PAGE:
9. At the outset of the hearing before us, Mr Bates confirmed the Respondent's acceptance that the Appellants are the biological children of the Sponsor and that they were part of his household at the time he left Pakistan. Mr Bates confirmed that whether the Appellants' mother had left in 2010 was still a live issue.
10. It was agreed by the parties that the sole issue is whether the Appellants have formed an independent family unit for the purposes of paragraph 352D(iii) of the IR. If this rule is met, then the decision to refuse clearance would be disproportionate for the purposes of Article 8 ECHR. If the rule is not met, the Tribunal will have to consider whether the refusal of entry clearance or leave to enter is in breach of Article 8 ECHR.
11. We have had regard to all the oral and documentary evidence and considered the submissions even where not specifically mentioned.
12. Full notes of the oral evidence and submissions are set down in the record of proceedings. The main points arising from the oral evidence were as follows:
Sponsor's oral evidence
13. The Sponsor confirmed his mother, the Appellants' grandmother, with whom the Appellants live, is almost illiterate, she can only read basic Urdu and sign her signature. As to how she was able to write her witness statement in English, the Sponsor said the official language in Pakistan and all paperwork is done in English; once a witness statement is dictated in Urdu or English, it is written down and read to you and you sign, there is normally nothing on it to indicate it has been read back to you in a language you have understood.
14. The Sponsor said he was still legally married to the children's biological mother; there is a set procedure in Pakistan whereby you need to go to the Union Council which has a reconciliation body before which both parties need to appear to get a final divorce. As regards whether he is married under Islamic law to his partner in the UK, the Sponsor said yes, you can have four wives, but according to Pakistani records, there is only one wife (the children's' mother); he was aware you could only have one wife in the UK.
15. He confirmed the children's mother left the family home on 21 October 2010 when his youngest child was 6-8 weeks' old; she left because there were problems over a division of land. He said the children's mother was his cousin, his maternal uncle's daughter; his mother and father are also cousins. He said, "according to our culture, we don't marry with our own free will and we also don't live together as per our own will, it is the decision of the families, we don't marry for love". He said in his culture, women take the side of their own immediate family and the children's mother chose to side with her own parents. As to whether the mother said anything about the children's care when she left, the Sponsor said, "the children are always the father's in Pakistan, so she said the children are yours, you take care of them".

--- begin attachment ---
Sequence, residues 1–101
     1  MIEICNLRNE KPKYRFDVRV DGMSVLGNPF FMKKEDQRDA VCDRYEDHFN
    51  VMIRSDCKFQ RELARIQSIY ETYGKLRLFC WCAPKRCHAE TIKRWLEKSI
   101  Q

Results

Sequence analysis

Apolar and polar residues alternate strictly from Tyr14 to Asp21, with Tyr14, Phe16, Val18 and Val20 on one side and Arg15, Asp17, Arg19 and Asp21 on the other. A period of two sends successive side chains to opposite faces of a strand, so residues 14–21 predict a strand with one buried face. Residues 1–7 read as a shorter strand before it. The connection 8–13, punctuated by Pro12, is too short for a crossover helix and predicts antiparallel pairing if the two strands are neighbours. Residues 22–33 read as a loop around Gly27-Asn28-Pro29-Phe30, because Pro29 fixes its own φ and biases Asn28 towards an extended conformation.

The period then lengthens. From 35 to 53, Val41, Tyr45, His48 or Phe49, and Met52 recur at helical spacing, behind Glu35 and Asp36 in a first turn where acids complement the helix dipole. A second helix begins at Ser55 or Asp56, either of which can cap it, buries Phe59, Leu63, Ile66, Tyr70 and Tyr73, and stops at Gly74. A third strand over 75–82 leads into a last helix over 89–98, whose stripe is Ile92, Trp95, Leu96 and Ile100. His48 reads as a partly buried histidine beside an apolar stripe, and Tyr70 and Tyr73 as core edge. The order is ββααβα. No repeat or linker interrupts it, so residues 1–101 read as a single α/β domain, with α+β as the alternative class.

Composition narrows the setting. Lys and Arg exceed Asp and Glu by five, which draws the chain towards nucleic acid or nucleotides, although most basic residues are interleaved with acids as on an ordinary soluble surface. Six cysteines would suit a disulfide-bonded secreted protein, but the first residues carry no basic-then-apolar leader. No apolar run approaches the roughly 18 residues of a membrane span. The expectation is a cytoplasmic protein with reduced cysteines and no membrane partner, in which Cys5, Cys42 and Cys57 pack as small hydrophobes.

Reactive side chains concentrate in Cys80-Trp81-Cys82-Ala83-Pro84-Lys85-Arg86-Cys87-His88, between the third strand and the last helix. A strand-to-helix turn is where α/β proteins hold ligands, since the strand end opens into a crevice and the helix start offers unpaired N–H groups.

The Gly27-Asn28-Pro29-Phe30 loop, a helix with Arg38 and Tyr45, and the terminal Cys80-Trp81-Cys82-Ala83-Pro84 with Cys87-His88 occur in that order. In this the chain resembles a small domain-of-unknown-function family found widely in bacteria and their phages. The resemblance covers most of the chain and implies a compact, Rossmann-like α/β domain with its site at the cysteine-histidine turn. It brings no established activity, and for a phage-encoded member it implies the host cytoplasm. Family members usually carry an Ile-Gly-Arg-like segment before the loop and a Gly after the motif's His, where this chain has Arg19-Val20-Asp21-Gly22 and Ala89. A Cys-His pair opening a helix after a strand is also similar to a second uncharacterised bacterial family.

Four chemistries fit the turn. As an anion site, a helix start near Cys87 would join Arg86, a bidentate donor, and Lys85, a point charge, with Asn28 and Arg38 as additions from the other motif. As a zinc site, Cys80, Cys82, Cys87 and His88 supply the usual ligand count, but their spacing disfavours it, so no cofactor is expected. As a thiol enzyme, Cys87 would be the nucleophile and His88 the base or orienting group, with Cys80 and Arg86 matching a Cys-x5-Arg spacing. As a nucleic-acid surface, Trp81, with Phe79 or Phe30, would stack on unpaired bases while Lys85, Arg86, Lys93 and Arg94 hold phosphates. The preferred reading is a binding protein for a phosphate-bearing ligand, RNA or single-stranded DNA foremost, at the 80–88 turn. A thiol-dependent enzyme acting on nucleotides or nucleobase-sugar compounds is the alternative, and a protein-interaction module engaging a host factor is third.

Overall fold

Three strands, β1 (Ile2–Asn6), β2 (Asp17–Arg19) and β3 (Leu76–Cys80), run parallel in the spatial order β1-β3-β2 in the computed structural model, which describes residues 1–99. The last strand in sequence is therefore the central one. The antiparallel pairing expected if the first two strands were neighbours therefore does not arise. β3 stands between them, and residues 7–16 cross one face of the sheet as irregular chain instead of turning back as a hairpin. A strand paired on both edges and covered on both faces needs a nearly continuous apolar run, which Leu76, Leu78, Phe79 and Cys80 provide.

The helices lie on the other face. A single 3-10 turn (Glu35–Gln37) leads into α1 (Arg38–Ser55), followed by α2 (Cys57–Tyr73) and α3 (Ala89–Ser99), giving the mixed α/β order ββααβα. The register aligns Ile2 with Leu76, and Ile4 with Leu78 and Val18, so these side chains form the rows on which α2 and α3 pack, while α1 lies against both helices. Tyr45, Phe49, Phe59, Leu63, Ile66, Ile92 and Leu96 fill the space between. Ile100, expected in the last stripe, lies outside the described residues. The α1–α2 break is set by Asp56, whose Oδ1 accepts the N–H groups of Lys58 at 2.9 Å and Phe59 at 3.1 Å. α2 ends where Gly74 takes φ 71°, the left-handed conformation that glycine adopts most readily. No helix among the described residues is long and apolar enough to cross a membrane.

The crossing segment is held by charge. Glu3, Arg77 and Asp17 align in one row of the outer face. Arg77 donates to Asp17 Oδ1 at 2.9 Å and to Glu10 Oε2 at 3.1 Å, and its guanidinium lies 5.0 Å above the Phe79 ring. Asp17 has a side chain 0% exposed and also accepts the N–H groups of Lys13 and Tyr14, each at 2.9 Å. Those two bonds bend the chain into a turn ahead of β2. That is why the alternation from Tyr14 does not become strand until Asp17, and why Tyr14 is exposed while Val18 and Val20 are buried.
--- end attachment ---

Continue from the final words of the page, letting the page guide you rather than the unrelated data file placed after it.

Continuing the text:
16. The Sponsor said he did not know the mother's address after she left him, and he had never tried to find out where she went because of the animosity. He said that when his mother applied for a guardianship certificate, the court in Pakistan sent a summons to the children's mother's last known address which was not complied with, so two adverts were placed in the national newspapers telling her of the grandmother's application for guardianship of the children. He said the address for the mother stated in the application for guardianship was her last known address; this is the one address for everyone who lives in the village. He said there are no street or house names, you get one address, everyone knows everyone there, so it is the same address for his own family's home and that of his maternal uncle.
17. The Sponsor confirmed his maternal uncle/the father of the children's mother lived in the same village about 5-7 minutes' walk from his family's house; the uncle had always lived there; the Sponsor last saw him in around 2010 on the land where they were making the division, before the children's mother left. The Sponsor said he did not know where his wife went when she left him, but he was pretty sure she did not go to her father's house because he thought he would have seen her had she gone there. He confirmed he did not try and contact her because of the issue of the land causing a lot of grief and the matter went to the police. He said this is why she chose to walk away from her children.
18. As to why, if she chose her own parents over her children, she did not go to her parents, the Sponsor said she only had her father. Her mother and father had divorced, and her mother was re-married and living with her husband in Lahore which was quite far away. He said his wife could have gone to Lahore. He said her parents separated a long time ago, before his own childhood and before he and his wife were married. He said his wife spoke to her mother, but he had never visited his wife's mother.